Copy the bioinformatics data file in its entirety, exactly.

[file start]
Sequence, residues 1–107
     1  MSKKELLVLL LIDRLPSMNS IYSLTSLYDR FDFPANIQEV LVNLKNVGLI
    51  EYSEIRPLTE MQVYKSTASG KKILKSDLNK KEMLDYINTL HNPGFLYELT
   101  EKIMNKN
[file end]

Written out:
Sequence, residues 1–107
     1  MSKKELLVLL LIDRLPSMNS IYSLTSLYDR FDFPANIQEV LVNLKNVGLI
    51  EYSEIRPLTE MQVYKSTASG KKILKSDLNK KEMLDYINTL HNPGFLYELT
   101  EKIMNKN